Manipur is a rapidly shifting landscape. On Saturday, the election results yielded a hung assembly, with the Congress getting 28 seats and the Bharatiya Janata Party finishing second at 21. The key to government formation in the 60-member assembly seemed to lie with the smaller parties, and both Congress and BJP vied for their favour.

By Sunday evening, however, the fight for allies was overshadowed by other dramatic developments – allegations of abduction, a defection, and rumours of mass defection.

By Monday, the Congress had gone from being the single largest party in the state to almost losing its claim to government. Najma Heptulla, Manipur governor and former Union minister for minority affairs from the BJP, asked Chief Minister Okram Ibobi Singh to resign. The three-time chief minister, however, is yet to do so.

While the story unfolds, a look at the last 48 hours.

Abductions, defections

On Sunday morning, the Congress reportedly “unanimously” re-elected Singh as leader of the Congress legislature party. Counting on the support of one independent MLA and the sole winning candidate from the All India Trinamool Congress, it looked good to form government. The coalition was just one short of a majority.

Then things happened fast. In the evening, Randeep Surjewala, the official in charge of communications at the All India Congress Committee, took to Twitter to claim that the independent MLA elect, Asabuddin from Jiribam, had been abducted at Imphal airport.

In a series of tweets, he claimed Asabuddin, who was accompanied by Congress minister Abdul Nasir, was whisked away from Imphal airport and packed off to Kolkata. He alleged the Central Industrial Security Force and airport authorities had been “misused” to “detain and abduct” Asabuddin.

According to one report, Asabuddin was flying back from Guwahati to Imphal, where he was greeted on the tarmac by the Central Industrial Security Force and a BJP leader. While the legislator was kept in the holding area, a flock of leaders from both the Congress and the BJP descended on the airport. According to other reports, he later claimed to be headed to Delhi. While senior BJP leaders did not react to the allegations of abduction, general secretary Ram Madhav reportedly said later that the independent was going to join the party.

Then it emerged that the Trinamool MLA had decided to join the BJP, followed by Thaonaojam Shyamkumar, winning Congress candidate from Andro. Under the anti-defection law, Shyamkumar loses his seat. This meant a rejig in numbers: with 59 legislators left, only 30 were needed for a majority.

Shortly afterwards, even these numbers seemed to become irrelevant. Reports quoted unidentified sources in the Congress who said that 18 legislators were set to join the BJP. Also on Sunday evening, Congress officials who did not wish to be identified made similar claims to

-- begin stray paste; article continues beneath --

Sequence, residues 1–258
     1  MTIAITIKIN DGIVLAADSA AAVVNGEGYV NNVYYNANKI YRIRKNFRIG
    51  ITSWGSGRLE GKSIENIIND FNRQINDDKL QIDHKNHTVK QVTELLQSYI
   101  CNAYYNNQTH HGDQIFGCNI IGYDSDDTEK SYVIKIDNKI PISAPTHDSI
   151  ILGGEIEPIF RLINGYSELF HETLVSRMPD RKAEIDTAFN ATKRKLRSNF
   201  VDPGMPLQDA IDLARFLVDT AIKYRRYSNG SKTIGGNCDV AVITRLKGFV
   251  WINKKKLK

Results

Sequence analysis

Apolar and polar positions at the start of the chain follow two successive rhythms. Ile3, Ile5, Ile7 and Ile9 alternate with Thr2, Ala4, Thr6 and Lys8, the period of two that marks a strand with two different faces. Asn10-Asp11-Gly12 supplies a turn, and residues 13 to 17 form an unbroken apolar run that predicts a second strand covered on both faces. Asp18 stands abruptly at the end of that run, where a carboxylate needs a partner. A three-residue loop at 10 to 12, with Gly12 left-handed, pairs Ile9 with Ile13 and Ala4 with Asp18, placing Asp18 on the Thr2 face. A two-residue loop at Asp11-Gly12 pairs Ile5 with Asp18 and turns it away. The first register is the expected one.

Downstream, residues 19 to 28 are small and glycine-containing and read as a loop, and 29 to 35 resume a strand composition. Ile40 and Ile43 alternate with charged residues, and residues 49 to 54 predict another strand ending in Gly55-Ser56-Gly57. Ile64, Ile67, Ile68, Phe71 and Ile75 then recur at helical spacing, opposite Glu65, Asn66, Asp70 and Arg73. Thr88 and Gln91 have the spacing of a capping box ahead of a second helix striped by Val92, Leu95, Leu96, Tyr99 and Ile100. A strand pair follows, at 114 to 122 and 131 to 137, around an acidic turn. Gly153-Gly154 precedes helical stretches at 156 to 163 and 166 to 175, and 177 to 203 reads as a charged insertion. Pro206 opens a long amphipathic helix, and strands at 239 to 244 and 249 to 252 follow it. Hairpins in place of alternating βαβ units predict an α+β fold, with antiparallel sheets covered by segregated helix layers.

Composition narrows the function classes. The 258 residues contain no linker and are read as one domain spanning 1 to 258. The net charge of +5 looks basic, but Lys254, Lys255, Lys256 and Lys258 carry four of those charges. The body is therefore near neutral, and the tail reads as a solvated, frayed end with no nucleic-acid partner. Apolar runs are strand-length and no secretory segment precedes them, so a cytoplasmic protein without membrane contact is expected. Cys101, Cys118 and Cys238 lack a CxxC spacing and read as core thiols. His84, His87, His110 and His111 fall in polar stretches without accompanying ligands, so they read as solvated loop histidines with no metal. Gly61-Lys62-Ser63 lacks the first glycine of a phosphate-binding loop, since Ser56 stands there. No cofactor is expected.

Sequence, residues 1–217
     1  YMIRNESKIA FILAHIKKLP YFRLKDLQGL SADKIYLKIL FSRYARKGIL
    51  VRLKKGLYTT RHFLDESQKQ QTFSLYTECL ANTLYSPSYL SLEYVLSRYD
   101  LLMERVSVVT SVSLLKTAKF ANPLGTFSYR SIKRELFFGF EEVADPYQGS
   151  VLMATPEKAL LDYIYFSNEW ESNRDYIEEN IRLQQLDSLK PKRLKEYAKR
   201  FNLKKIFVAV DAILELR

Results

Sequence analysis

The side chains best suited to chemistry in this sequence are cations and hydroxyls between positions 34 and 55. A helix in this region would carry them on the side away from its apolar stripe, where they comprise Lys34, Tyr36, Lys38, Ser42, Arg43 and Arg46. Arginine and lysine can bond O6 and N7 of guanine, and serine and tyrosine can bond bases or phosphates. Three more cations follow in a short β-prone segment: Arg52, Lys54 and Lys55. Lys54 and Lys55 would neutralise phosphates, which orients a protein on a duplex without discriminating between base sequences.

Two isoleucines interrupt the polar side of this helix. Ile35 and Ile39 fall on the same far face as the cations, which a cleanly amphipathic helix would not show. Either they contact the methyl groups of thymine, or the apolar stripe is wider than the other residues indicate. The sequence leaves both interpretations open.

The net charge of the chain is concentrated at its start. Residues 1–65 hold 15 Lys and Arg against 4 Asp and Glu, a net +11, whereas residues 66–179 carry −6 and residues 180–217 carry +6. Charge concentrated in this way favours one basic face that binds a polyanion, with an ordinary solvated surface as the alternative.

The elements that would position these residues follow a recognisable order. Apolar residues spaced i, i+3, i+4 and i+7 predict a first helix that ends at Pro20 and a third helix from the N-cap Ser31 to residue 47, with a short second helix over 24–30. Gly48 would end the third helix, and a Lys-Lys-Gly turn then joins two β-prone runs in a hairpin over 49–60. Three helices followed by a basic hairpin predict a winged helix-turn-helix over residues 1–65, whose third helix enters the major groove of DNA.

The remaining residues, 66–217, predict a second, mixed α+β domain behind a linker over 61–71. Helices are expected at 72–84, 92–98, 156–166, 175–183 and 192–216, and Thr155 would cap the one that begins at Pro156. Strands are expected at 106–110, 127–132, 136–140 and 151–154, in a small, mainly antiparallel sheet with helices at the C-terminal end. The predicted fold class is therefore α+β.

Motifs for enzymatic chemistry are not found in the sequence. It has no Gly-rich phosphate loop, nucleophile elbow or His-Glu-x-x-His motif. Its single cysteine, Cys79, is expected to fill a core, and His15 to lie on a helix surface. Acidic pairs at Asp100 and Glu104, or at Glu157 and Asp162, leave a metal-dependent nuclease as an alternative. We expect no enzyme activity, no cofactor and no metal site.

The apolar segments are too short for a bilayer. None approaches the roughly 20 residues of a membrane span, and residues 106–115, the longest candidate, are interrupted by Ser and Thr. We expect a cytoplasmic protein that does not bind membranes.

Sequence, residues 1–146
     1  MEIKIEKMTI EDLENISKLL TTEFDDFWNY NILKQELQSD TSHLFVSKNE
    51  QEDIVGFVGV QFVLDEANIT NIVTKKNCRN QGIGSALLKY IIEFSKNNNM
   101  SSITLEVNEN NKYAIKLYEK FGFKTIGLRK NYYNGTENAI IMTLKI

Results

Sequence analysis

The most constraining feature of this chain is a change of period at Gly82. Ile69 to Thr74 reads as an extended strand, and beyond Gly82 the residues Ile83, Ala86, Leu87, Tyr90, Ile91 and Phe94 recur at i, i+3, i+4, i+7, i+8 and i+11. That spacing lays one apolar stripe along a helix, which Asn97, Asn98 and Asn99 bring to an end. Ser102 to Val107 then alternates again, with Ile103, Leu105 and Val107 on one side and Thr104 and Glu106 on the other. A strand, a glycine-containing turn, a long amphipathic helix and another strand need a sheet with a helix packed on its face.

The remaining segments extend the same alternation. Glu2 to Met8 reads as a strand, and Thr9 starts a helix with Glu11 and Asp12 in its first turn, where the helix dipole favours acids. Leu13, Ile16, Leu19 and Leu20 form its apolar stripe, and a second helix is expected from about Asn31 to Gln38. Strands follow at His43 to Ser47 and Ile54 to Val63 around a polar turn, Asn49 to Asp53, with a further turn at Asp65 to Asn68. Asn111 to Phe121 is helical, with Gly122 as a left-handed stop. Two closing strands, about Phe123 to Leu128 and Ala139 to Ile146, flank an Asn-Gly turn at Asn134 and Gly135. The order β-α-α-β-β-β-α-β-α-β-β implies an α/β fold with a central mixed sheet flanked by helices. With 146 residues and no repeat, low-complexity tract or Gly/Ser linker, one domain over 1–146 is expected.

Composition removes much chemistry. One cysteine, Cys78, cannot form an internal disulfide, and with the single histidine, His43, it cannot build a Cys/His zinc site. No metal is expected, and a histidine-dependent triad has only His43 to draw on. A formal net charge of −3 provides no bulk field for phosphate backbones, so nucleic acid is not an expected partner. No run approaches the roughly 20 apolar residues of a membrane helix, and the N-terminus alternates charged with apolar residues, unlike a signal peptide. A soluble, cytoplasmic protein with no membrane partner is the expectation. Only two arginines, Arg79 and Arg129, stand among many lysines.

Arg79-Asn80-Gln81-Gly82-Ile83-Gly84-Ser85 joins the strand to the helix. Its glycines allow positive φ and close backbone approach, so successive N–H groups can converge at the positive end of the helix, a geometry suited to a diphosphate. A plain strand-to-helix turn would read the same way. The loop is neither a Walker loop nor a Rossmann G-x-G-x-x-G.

They added that a number of legislators wanted a change in leadership and Ibobi Singh replaced. They also claimed that of the four MLAs from the National People’s Party two favoured the Congress. The other two wanted to side with the BJP but would consider joining the Congress if Chief Minister Singh was replaced.

The mystery of the National People’s Party

On Monday, however, the mystery of the National People’s Party seemed to deepen. The Naga People’s Front and the National People’s Party have four seats each, making them prime targets for both the Congress and the BJP. With the Naga party having declared that it would not support a Congress-led government, the spotlight was on the National People’s Party.

Both the Congress and the BJP claimed to have its support. Heptulla said the Congress brought her a letter on behalf of the National People’s Party, apparently signed by the party president and secretary, saying it would back the Congress. But the governor said she had received an earlier letter from the National People’s Party itself, saying it wanted to go with the BJP.

The night before, the BJP central leadership, flanked by Himanta Biswa Sarma, an MLA in the Assam government who has emerged as the party’s wheeler dealer in the region, claimed to have 32 MLAs. This included 21 from the saffron party itself, four from the National People’s Party, four from the Naga People’s Front, one from the Trinamool, the lone winning candidate from Lok Janshakti Party and the independent who was going to join the BJP. The BJP then prepared to elect the leader of its legislature party on Monday and form the government.

Congress leaders, meanwhile, called the manoeuvres a “murder of democracy”. Former Union minister P Chidambaram even went so far as to say the BJP was “stealing” the elections in Manipur and Goa.

But the story is not over yet, and Manipur still does not have a government.